Raised from birth as a man, the Lady Oscar commands the palace guards at Versailles in the years before the French Revolution. Her beauty and noble spirit make her a shining figure in the eyes of both men and women but she is torn between her chosen life of service and duty to class and country and her own heart and desires. She lives as a noble amidst the opulence of Versailles but her keen senses and compassion are not blinded to the poverty of the French people.
On July 11, 2015, Udon Entertainment revealed that they had licensed Versailles no Bara for release in English as Rose of Versailles. The publisher plans to release the series in 2-in-1 omnibuses though a release date has yet to be announced.
Rose Versailles, one of the most influential stories to ever be written for it's stunning portrayal of the messed up societies of the 20th century. Written 35 years ago, Rose of Versailles remains as one of the greatest story to be written; a true masterpiece. A tragic, historic melodrama about the patriarchal societies of the 16th Century, forbidden love, and the harshness/corruption of reality/society that eventually lead up to the french revolution. I don't remember a single moment while reading the manga where I was left scratching my head, or feeling bored. Who knew learning history with a pinch of romance could be so amazing! Rose of Versailles perfectly masters every possible aspect in it's genre. This masterpiece stretches over a 24 year period (Lady Oscar starts at 14 years old, and ends at 38 years old). Time skips... Great right?... Rose of Versailles makes the time skip transitions seem perfectly smooth and natural. This manga is a must-read.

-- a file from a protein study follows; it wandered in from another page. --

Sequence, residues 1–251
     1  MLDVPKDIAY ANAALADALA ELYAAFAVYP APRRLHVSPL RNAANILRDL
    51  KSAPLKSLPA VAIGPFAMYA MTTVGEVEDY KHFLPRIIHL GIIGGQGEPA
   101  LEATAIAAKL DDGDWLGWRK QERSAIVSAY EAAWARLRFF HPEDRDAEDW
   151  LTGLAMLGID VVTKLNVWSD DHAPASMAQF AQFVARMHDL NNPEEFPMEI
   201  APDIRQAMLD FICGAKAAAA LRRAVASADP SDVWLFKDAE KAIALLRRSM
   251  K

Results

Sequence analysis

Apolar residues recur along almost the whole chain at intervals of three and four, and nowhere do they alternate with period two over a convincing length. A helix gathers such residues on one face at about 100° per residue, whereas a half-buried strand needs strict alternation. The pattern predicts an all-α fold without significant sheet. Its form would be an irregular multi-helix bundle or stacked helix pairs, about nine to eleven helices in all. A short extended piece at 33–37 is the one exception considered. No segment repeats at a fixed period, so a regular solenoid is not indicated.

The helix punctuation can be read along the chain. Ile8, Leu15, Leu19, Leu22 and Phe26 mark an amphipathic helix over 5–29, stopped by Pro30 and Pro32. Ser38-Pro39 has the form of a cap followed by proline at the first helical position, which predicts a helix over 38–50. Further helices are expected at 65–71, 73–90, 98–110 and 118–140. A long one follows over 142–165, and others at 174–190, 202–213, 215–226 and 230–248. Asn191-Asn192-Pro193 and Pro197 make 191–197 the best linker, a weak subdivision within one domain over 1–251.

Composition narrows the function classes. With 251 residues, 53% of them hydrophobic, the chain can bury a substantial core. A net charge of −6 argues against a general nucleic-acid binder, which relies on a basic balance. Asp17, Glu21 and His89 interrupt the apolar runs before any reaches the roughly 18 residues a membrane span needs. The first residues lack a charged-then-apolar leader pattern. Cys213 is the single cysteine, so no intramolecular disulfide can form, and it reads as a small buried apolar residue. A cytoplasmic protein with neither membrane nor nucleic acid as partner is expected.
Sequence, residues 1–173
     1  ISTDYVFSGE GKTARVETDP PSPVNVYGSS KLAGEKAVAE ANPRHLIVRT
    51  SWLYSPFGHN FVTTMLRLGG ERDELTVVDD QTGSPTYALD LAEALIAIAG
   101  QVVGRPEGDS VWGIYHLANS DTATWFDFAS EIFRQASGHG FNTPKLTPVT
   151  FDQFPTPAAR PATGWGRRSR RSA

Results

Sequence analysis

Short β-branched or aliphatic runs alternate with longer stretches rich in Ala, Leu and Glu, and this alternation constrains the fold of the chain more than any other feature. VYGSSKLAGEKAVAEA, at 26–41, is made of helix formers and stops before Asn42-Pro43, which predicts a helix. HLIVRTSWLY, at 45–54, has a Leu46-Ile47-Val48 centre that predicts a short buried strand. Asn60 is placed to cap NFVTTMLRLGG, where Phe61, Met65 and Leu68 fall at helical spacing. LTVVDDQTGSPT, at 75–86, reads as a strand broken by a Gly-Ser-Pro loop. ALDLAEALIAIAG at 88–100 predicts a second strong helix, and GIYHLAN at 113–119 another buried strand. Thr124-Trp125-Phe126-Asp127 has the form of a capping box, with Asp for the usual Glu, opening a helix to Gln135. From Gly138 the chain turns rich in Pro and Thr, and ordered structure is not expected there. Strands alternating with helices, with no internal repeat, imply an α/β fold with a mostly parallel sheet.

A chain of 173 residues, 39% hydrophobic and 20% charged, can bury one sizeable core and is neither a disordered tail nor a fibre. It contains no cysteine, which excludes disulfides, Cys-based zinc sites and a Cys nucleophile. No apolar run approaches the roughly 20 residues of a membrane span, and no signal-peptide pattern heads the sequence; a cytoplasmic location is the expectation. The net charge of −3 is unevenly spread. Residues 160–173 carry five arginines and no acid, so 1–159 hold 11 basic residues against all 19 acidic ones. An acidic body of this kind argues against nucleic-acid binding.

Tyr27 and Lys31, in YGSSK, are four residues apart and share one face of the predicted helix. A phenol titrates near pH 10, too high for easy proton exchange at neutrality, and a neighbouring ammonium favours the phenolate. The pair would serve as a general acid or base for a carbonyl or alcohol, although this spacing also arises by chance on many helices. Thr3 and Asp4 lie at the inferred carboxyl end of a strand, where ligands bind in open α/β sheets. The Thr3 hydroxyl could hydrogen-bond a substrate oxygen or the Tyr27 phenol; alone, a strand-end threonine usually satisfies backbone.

The story is actually realistic, accurately follows a good portion of French history, and doesn't have any sort of bullshit, cut-to-the-chase crap. The story revolves around Oscar François de Jarjeyes (Lady Oscar) who is the youngest daughter of the Royal Guards Commander, General Jarjayes. Lady Oscar is raised as a boy because General Jarjayes had desperately wanted a son that could take after him as the Royal Guards Commander. Her beauty and noble spirit makes her an ideal suitor for both men and women. She lives a rich, lavish life with lots of power (hence blind to the travesties and poverty of the outside world.); she is the commander of the Royal Guard and is responsible for the safety of Marie Antoinette, the Princess soon-to-be Queen of Versailles, as well as the rest of the royal family. The plot is about Oscar's growing realization of how France is governed (corruption), the plight of the poor, and her torn heart between her chosen life of service and duty to class and country vs her own heart and desires. Seems like a bright, romantic anime at first, but slowly becomes darker and sadder as the story progresses. There are certainly moments in this anime where you will cry, especially the end.